For more info, please stop in our bike shop, or contact Program Director Karen Franzen at or   Click here for more info & to register

Learning to Ride


It's the perfect time of year to teach your children one of the most important lessons of their lives - how to ride a bike! Cycling acts as a form of transportation, a form of exercise, a way to unwind, and a way to feel free. Everyone learns at a different speed and can learn at any age, so there is no specific time by which your child should be moving to a new step in the process. We've put together a step-by-step description of the best way to teach your children how to ride, a method that can be used to teach kids of all ages! Some children can learn this way without having to add training wheels at all, and some people have reported children learning to ride by this method in just one day. No matter what, be sure to take it slow and make it fun, and your child will be riding like a pro in no time!

Safety first! Make sure you teach your children about safety right from the start! As soon as they are introduced to a bike, they should be introduced to a helmet, so they always associate the two.


Balance Bikes


As soon as your child is beginning to walk or even just stand up on their own, you can introduce him or her to balance bikes. These are small, toddler-size bikes without pedals that help children feel comfortable sitting, steering and balancing on two wheels. Children can sit on the bike seat and uses their legs to push off, pulling themselves along and eventually picking up their legs to coast on the bike. These bikes help ease the difficult learning process of balancing before using training wheels. Our employee Slav got his son Maks started on a balance bike at just 16 months old before he was even fully walking on his own. They showed him the bike first and had him explore the different parts of it: "We got him to think of it as a big toy!" He practiced sitting in the saddle and playing with the handlebars, and pretty soon he was comfortable enough to pull himself along with his feet. We carry the Hot Walk Balance Bike from Specialized in bright colors that kids love. If your child is too big for a balance bike when you start the process, simply remove the training wheels and pedals from his or her bike so it can be used as a big balance bike.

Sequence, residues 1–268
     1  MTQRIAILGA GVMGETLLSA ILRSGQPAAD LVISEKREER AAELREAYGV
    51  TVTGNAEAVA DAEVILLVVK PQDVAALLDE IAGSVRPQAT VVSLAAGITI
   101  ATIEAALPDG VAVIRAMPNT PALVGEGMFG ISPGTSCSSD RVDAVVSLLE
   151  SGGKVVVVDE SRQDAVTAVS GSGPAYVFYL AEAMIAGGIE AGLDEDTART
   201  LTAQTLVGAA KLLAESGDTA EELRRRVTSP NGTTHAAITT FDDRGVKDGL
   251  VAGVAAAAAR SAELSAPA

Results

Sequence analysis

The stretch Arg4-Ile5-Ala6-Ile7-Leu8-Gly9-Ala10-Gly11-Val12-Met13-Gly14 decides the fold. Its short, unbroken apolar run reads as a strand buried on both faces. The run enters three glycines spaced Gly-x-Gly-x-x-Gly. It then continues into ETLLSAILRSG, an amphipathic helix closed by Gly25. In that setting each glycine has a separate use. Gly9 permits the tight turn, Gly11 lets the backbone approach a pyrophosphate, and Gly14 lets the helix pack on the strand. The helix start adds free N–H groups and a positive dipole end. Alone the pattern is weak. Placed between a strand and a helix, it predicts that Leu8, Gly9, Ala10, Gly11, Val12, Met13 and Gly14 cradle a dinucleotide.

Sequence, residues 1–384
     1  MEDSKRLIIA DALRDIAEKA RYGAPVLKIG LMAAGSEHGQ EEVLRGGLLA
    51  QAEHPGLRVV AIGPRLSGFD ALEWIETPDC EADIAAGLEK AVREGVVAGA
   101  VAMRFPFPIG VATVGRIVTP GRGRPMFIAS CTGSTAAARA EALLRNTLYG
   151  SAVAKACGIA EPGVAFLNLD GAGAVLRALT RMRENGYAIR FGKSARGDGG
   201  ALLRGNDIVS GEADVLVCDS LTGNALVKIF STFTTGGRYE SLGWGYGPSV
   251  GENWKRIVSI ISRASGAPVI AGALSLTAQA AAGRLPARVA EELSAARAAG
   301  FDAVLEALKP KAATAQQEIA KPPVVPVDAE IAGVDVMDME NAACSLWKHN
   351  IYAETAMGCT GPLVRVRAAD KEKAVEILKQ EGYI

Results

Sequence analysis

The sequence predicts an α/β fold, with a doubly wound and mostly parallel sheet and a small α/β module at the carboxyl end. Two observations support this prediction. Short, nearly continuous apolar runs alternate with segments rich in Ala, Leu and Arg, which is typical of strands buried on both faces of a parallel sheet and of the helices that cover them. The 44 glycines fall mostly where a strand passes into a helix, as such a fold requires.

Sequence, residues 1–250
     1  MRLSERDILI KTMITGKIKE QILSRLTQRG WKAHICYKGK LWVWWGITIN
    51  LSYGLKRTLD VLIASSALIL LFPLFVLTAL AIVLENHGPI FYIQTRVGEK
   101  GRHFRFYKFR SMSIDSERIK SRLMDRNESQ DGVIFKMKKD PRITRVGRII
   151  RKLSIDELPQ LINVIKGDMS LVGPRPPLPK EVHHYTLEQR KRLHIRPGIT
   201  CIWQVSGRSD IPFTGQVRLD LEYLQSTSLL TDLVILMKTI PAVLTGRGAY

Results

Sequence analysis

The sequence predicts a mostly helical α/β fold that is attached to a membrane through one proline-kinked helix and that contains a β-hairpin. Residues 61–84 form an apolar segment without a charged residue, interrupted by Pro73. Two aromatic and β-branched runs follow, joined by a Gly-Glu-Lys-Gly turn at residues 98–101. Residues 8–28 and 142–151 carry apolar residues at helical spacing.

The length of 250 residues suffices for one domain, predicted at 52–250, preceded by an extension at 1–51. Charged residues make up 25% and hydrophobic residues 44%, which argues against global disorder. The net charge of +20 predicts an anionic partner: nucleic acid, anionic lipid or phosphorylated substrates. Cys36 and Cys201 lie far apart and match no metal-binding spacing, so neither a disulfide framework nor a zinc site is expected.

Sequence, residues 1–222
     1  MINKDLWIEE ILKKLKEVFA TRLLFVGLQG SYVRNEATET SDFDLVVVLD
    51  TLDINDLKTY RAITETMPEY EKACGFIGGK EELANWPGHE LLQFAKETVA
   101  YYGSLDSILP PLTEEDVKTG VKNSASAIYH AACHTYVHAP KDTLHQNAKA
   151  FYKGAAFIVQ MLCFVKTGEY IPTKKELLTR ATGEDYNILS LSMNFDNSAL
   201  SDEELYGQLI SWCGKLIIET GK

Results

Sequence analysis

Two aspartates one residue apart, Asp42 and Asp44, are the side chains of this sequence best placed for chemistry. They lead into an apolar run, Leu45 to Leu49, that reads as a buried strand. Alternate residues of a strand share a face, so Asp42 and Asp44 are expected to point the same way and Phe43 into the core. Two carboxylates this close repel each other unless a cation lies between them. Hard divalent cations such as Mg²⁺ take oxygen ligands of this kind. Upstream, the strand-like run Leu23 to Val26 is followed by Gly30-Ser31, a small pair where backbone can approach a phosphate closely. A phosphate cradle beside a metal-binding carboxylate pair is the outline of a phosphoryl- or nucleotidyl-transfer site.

Training Wheels


Once your child has mastered the balancing part of biking, it is time to learn about steering and braking on a big kid bike with training wheels! It is important for the child to learn the functions of the different mechanisms of the bike having to worry about tipping. The training wheels offer the necessary stability to begin safely practicing pedaling, braking, and steering. A child's first bike will generally have coaster brakes, also known as back brakes, which require pedaling backward to stop the bike. Kids' bikes are measured by the wheel size, not by the frame size, and it's best to go by the height of your child when figuring out what size bike to get. Kids' bike sizes range from 12" to 24". If your child is between 26 and 34 inches tall, a 12-inch bike will usually be the next step. Izzy and Maks both ride the Specialized Hot Rock with 16" wheels. We carry the Hot Rock in all sizes, and we also carry Cannondale bikes from the Trail, Race, and Street Series.